I don't know if "business innovations" can solve this problem, but I think it's worth looking for more ways for developers (and writers and artists and...) to bring in some kind of stable recurring revenue.
...but practically how do you do it?
The parent comment is quite right, going from 'pay x' to 'pay y' is one thing... but from 'pay nothing' to 'pay anything' is a massive and difficult step.
You can't make it mandatory; theres a glut of stuff out there, and people will just move on to the next free (perhaps crappier, but free!) version.
'business innovations may help' is just a nice way of saying 'well darn, nothing we've tried in the last 10 years to fix this has worked... hm. Don't really have a solution for this, but it'd be great if someone figured one out!'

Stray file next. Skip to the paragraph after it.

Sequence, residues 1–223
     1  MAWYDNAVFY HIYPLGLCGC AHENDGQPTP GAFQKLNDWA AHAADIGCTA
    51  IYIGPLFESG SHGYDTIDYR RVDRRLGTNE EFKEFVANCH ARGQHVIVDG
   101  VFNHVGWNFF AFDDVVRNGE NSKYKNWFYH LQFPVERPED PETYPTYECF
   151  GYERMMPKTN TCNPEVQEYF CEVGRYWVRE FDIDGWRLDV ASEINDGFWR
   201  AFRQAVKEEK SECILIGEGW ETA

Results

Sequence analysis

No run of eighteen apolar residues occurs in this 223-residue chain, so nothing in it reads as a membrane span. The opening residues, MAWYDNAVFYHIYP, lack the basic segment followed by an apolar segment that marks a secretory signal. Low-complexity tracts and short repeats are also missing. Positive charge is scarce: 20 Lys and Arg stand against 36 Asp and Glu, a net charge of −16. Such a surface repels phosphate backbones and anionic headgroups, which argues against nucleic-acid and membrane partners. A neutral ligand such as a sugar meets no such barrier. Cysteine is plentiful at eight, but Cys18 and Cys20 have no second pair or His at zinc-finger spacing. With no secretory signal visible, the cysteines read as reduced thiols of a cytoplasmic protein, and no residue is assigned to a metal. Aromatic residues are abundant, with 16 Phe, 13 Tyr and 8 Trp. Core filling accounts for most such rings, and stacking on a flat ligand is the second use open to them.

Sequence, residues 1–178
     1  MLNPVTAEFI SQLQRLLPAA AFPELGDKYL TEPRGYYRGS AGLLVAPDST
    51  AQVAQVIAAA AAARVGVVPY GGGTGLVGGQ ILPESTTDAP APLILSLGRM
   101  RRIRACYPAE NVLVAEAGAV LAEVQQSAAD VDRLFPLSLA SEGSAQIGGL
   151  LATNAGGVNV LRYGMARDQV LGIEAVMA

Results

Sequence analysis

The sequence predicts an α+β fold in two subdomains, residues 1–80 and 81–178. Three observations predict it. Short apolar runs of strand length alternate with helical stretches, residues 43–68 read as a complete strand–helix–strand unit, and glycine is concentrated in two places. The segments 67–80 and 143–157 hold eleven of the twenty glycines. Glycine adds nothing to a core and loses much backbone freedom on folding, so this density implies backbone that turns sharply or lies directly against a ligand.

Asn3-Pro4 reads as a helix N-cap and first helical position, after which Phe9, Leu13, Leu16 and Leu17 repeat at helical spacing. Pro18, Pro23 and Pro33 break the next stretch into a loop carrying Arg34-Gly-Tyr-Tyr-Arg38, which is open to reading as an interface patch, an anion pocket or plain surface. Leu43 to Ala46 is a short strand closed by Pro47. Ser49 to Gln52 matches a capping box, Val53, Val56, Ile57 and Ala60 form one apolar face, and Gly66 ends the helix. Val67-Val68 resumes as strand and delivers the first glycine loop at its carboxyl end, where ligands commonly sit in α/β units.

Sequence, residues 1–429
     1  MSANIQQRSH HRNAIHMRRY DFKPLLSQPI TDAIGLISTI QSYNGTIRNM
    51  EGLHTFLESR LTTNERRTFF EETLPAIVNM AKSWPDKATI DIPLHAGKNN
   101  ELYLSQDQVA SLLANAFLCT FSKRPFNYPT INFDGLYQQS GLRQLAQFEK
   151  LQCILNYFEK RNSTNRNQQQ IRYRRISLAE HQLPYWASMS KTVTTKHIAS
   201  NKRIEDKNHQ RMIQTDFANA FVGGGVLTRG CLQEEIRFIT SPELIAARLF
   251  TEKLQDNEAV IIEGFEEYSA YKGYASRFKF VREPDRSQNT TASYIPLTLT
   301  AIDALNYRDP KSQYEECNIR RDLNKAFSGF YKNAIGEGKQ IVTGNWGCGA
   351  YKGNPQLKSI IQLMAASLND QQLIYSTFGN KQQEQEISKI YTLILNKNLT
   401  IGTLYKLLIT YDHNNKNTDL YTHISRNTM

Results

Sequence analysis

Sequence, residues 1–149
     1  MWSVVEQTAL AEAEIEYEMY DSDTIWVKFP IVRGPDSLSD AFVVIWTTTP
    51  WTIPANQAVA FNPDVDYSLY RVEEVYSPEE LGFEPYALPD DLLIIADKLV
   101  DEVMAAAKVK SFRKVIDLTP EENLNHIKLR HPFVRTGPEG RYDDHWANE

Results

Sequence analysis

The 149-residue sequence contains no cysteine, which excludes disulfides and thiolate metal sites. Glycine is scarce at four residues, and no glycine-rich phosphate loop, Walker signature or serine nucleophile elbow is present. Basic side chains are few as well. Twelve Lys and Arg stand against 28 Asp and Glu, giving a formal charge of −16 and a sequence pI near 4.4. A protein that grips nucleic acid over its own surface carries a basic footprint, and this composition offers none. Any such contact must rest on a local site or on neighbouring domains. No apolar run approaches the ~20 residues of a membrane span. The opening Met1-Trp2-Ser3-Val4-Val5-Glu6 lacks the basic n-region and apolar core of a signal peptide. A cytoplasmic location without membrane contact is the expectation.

...which I totally agree with, sure, but its not really helpful or practical.
Seriously, nothing people have tried (tips, patreon, foundations) has worked very well.
No one is going to solve this problem any time soon.
Of you're an open source library author/maintainer, you've got to acknowledge you're not just magically get rewarded for your efforts; you have to work for it, and (probably, for most people) your attempts to monetize it will fail.
The same is true for all creatives.
If I had an answer to that, I'd be a full-time fiction writer. :)
Seriously, I suspect most people aren't going to ever make a lot from creative efforts, which we'll lump open source libraries into; the vast majority of us are going to be much farther out along the low long tail of the compensation curve.